Israel offers to help Arab states fight ISIL
Israel offered to help moderate Arab nations threatened by a lightning offensive by militants in Iraq, as the country's top diplomat met with US Secretary of State John Kerry on Thursday.
Israeli Foreign Minister Avigdor Lieberman told Kerry at a meeting in Paris that "the extremists currently operating in Iraq will try to challenge the stability in the entire Gulf region, first of all in Kuwait," a statement from the Israeli minister's office said.
"Israel could provide effective and reliable assistance to moderate Arab states who are dealing with extremists," it added, without going into specific details.
Just a few days after visiting Iraq, Kerry said it was "important that countries in the region stand together against the threat," according to a senior US official.
Asked about Lieberman's proposal, a State Department official said that it was "not raised with regard to the specific ISIL threat that is ongoing today."
"But Foreign Minister Lieberman did speak generally to the idea of a shared threat to all countries of the region from extremists."
Lieberman said Israeli interests were converging with moderate Arab nations "with both sides dealing with the threat of Iran, world jihad and Al-Qaeda, as well as the spill-over of conflicts in Syria and in Iraq to neighbouring countries."
"Today, there is a basis for the creation of a new diplomatic-political structure in the Middle East," his office said in the statement.
The statement comes days after Iran offered to support the government of Iraqi Prime Minister Nuri al-Maliki against advancing Sunni militants.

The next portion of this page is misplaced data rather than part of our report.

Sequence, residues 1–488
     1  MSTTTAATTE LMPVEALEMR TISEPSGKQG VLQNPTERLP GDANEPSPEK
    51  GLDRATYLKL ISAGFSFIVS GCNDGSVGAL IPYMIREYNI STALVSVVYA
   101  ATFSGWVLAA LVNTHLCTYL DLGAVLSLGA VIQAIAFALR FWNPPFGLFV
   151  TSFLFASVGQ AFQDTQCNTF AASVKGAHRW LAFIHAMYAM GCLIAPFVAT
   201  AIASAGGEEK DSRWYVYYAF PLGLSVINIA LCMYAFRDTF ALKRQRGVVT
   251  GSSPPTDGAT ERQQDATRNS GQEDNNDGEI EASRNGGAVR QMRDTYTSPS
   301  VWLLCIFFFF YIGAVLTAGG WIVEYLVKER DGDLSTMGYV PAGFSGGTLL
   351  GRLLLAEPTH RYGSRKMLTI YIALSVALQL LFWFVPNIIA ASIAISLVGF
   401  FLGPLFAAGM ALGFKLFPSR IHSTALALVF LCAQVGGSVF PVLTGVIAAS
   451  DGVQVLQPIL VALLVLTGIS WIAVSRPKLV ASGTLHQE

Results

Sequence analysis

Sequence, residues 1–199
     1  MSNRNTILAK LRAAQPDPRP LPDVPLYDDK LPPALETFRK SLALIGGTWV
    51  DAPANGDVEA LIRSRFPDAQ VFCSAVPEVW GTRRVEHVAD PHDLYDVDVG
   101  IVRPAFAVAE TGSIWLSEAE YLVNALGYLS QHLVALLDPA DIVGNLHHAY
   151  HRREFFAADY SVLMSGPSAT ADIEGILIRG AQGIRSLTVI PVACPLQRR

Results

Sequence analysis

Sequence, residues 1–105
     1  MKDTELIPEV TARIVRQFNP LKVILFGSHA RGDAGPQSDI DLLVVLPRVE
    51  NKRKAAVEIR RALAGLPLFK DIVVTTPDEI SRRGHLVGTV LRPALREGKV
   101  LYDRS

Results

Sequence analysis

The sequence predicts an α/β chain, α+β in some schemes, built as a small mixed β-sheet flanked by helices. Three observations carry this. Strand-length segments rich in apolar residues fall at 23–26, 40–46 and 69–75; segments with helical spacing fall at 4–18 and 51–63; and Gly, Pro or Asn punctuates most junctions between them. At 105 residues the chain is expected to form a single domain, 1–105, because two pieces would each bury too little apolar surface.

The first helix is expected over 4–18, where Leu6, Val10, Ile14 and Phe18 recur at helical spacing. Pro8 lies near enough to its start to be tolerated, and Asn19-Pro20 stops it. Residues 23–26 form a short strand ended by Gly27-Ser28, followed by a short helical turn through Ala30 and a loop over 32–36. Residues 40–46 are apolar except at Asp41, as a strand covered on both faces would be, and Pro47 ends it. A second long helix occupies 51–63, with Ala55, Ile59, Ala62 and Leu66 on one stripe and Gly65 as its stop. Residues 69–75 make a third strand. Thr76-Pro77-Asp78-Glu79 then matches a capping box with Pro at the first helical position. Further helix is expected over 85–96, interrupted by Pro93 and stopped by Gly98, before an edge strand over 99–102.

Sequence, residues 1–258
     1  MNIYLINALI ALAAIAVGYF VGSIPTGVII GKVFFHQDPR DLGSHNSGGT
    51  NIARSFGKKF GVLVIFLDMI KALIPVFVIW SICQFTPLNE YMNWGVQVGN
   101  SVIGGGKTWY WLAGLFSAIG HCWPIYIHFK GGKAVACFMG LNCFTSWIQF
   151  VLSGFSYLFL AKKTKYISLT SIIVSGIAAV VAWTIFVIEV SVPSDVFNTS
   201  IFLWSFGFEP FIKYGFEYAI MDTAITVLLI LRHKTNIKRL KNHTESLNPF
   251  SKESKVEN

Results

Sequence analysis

Both Iran and Israel have been vocal about the threat of ISIL and other militants to the region.
Meanwhile, Israel told the US on Thursday that Kurdish independence from the rest of Iraq has become a "foregone conclusion", amid reports that the Iraqi autonomous and "democratic" region is exporting oil to Israel.
"Iraq is breaking up before our eyes and it would appear that the creation of an independent Kurdish state is a foregone conclusion," Lieberman's spokesman quoted him as telling Kerry.
Israeli experts expect Tel Aviv to be quick to recognise a future Kurdish state, and Israel is thought to have maintained discreet military, intelligence and business ties with the Kurds since 1960s.
During a meeting with US President Barack Obama on Wednesday, Israeli President Shimon Peres praised the Kurds.
"The Kurds have, de facto, created their own state, which is democratic. One of the signs of a democracy is the granting of equality to women," Peres said.
Meanwhile, the leader of Iraq's autonomous Kurdish region said Thursday he is prepared to commit all of the region's forces to keep control of the disputed city of Kirkuk.
If needed, "we will bring all of our forces to preserve Kirkuk," said Massud Barzani, the president of Kurdish region, during a visit to the disputed oil-rich city, whichwas captured by the Kurds following an army withdrawal in the face of advancing Sunni militants.